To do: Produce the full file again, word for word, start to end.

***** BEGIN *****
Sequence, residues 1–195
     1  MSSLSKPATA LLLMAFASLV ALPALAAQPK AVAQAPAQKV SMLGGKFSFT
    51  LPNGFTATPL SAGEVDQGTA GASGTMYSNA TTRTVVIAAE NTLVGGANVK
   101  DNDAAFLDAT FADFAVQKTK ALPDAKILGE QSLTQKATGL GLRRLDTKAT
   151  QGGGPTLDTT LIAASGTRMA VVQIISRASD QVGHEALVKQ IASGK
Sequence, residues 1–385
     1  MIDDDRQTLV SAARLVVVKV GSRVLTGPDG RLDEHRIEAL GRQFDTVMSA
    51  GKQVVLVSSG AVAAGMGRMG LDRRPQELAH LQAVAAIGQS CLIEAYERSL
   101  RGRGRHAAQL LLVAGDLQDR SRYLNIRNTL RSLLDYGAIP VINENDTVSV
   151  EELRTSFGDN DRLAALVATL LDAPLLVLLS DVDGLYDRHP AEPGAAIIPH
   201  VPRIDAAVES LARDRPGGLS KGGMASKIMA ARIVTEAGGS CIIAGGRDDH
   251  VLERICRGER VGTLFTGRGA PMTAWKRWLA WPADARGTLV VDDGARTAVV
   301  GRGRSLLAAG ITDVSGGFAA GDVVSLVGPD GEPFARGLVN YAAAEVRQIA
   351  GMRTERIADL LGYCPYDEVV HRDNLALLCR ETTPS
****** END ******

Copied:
Sequence, residues 1–195
     1  MSSLSKPATA LLLMAFASLV ALPALAAQPK AVAQAPAQKV SMLGGKFSFT
    51  LPNGFTATPL SAGEVDQGTA GASGTMYSNA TTRTVVIAAE NTLVGGANVK
   101  DNDAAFLDAT FADFAVQKTK ALPDAKILGE QSLTQKATGL GLRRLDTKAT
   151  QGGGPTLDTT LIAASGTRMA VVQIISRASD QVGHEALVKQ IASGK
Sequence, residues 1–385
     1  MIDDDRQTLV SAARLVVVKV GSRVLTGPDG RLDEHRIEAL GRQFDTVMSA
    51  GKQVVLVSSG AVAAGMGRMG LDRRPQELAH LQAVAAIGQS CLIEAYERSL
   101  RGRGRHAAQL LLVAGDLQDR SRYLNIRNTL RSLLDYGAIP VINENDTVSV
   151  EELRTSFGDN DRLAALVATL LDAPLLVLLS DVDGLYDRHP AEPGAAIIPH
   201  VPRIDAAVES LARDRPGGLS KGGMASKIMA ARIVTEAGGS CIIAGGRDDH
   251  VLERICRGER VGTLFTGRGA PMTAWKRWLA WPADARGTLV VDDGARTAVV
   301  GRGRSLLAAG ITDVSGGFAA GDVVSLVGPD GEPFARGLVN YAAAEVRQIA
   351  GMRTERIADL LGYCPYDEVV HRDNLALLCR ETTPS